“Terima kasih untuk bakso, nasi goreng, emping, krupuk. Semuanya enak!” Those were the words of a US president in Indonesian, thanking his host after being served with delicacies he used to love as a young boy living here in the city.
In what many Indonesians saw as a homecoming visit on Tuesday, Barack Obama was generally welcomed with warmth and a sense of kinship by those who met him and those watching him on TV, or even just listening to his voice on the radio.
Reflecting on the four years he spent here as a child back in the 1960s, Obama said Jakarta had changed so much.
“I barely recognize the city… Sarinah used to be the tallest building and now it is one of the shorter buildings on the road,” he said. Visiting the city as the US president was disorienting, Obama added.
“The landscape has changed completely since I was here in 1967. I remember people on becak — bicycle rickshaw things — or bemo, which were sort of like taxis… Now, as president, I can’t see the traffic. The streets are blocked,” he said, followed by laughter from a crowd of officials and reporters.
Obama said it was “wonderful” to be back in Indonesia with first lady Michelle Obama and that he pondered returning to Indonesia with his two daughters to visit the country’s cultural sites.
Nostalgia aside, Obama’s visit is a realization of his promise to repair the US’ tarnished image through a foreign policy that relies more on the country’s soft power in engaging with the Muslim world.
In a press conference held after a bilateral meeting with Indonesian counterpart President Susilo Bambang Yudhoyono, Obama said that focusing solely on security issues would not help the US achieve the aim of ending mistrust with Muslim countries.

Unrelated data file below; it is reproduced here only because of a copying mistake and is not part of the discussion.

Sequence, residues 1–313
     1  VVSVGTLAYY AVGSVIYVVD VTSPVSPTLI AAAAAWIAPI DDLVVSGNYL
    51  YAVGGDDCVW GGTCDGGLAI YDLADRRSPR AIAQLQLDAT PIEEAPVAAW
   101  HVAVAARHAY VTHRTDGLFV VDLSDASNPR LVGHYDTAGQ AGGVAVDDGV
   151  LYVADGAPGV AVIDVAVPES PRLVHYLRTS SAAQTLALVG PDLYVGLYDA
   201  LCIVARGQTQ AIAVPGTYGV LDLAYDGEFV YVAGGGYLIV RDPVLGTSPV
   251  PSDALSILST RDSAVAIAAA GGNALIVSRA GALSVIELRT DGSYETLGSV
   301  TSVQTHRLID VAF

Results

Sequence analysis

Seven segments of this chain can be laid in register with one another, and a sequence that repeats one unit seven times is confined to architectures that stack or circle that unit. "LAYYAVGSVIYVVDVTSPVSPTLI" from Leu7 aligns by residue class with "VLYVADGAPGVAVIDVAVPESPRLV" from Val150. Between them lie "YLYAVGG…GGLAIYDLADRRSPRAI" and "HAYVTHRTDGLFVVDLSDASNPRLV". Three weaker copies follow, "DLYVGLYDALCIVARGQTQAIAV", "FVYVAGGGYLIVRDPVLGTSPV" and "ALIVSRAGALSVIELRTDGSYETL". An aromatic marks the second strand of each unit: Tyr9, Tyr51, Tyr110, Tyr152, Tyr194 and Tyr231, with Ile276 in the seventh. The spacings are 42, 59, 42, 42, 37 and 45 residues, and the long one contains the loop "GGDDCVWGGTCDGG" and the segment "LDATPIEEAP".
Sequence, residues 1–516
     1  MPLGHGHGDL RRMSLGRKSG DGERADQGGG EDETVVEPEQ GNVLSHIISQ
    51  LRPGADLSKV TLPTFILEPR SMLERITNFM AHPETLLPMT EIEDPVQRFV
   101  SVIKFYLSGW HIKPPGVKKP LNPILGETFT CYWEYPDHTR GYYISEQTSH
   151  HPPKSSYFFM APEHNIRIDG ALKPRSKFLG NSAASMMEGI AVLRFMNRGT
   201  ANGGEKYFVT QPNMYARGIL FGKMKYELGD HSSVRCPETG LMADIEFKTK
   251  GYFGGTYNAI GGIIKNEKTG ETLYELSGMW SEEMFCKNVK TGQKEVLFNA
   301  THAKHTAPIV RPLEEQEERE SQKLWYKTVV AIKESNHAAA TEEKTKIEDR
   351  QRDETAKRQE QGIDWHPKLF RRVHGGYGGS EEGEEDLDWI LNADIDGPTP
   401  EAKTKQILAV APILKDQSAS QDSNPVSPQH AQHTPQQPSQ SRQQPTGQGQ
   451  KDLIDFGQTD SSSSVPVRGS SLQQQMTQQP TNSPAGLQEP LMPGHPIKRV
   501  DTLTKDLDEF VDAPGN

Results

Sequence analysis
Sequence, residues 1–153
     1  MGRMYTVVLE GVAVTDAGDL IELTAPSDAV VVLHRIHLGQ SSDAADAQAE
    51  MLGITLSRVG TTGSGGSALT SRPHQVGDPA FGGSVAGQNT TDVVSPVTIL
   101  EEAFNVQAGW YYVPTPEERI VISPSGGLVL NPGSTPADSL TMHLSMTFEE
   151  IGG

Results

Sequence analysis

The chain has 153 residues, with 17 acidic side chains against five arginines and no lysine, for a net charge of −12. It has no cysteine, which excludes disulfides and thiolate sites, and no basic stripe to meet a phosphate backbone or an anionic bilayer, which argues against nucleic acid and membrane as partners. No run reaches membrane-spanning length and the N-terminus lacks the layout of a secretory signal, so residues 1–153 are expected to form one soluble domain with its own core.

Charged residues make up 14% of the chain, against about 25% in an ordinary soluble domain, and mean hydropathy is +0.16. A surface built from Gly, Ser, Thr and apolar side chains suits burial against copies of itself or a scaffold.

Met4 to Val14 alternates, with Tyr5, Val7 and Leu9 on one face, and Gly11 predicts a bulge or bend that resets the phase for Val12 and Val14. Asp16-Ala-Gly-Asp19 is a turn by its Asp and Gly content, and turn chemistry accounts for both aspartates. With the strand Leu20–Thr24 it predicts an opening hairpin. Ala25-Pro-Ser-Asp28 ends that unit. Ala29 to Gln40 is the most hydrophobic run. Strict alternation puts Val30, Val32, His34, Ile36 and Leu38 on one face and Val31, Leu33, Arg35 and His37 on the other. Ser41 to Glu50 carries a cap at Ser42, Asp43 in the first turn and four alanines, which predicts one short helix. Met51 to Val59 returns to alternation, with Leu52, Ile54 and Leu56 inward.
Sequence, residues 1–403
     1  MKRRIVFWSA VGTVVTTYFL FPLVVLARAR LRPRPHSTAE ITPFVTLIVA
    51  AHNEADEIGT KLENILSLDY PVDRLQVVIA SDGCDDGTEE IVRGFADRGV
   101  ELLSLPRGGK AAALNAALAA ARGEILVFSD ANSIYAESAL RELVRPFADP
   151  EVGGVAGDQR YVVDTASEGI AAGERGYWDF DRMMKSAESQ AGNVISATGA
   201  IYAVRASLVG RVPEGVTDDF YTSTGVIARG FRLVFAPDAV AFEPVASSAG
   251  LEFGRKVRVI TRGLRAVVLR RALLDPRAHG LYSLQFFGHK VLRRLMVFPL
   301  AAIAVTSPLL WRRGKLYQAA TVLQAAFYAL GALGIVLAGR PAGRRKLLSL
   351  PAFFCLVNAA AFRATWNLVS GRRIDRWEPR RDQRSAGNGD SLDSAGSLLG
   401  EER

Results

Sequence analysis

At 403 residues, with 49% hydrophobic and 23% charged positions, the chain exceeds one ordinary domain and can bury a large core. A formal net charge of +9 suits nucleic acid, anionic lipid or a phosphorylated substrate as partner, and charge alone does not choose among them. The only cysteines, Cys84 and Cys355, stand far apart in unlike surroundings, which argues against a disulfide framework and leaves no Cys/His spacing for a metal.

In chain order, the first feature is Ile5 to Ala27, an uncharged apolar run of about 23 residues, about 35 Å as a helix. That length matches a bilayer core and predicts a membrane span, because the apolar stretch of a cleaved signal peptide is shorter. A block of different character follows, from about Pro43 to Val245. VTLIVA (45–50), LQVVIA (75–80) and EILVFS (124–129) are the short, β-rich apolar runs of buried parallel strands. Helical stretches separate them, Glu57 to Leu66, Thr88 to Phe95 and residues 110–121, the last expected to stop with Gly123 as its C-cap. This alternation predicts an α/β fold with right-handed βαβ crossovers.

“We don’t expect to completely eliminate misunderstanding and mistrust that we’ve developed over a long period of time, but we do think that we’re on the right path.”
He also took the time to criticize Israel’s plans to build new apartments in disputed East Jerusalem. “This kind of activity is never helpful when it comes to peace negotiations,” Obama said.
Today, Obama is scheduled to visit the Istiqlal Mosque, the largest in Southeast Asia, where he will meet clerics to exchange views on the peaceful teaching of Islam.
“I think broadening the relationship strengthens it, to build trust, build more people-to-people contact, that will be good for our security,” he added.
Obama cited the US’ recent organizing of an entrepreneur summit in Washington involving young business leaders from a number of Muslim countries, as well as the US’ relationship with Indonesia, which has just entered a new stage with the launch of the Comprehensive Partnership between the US and Indonesia that touches on more than just economic and security issues.
Obama said he was not happy that the US was Indonesia’s third-largest trading and investment partner.
“I’ve informed [Yudhoyono] that we don’t like to be No. 3. We want to be No. 1,” he said.
Another area in the partnership, he said, was to improve the people-to-people partnership, particularly the cooperation and exchanges between US and Indonesian students and universities. For this purpose, Obama is scheduled to visit the University of Indonesia today to deliver a lecture.
“The third element in our Comprehensive Partnership is to deepen our political and security cooperation.”
He said this included the “already strong cooperation” between Indonesia and the US in terrorism and piracy prevention and the US’ partnering with Indonesia in East Asia, in which he look forward to Indonesia’s leadership as chair of ASEAN and to returning to Jakarta next year for the East Asia Summit.
At a dinner banquet hosted by Yudhoyono at the State Palace, Obama said that, although different, Indonesia and the US shared many similarities that served as common grounds for stronger bonds, including the struggle for independence and democratic movements.
“Like bamboo on the riverbank, we have to rely on each other. No country is an island, even those made of thousands of islands,” Obama said.
[original news and photos: via The Jakarta Post]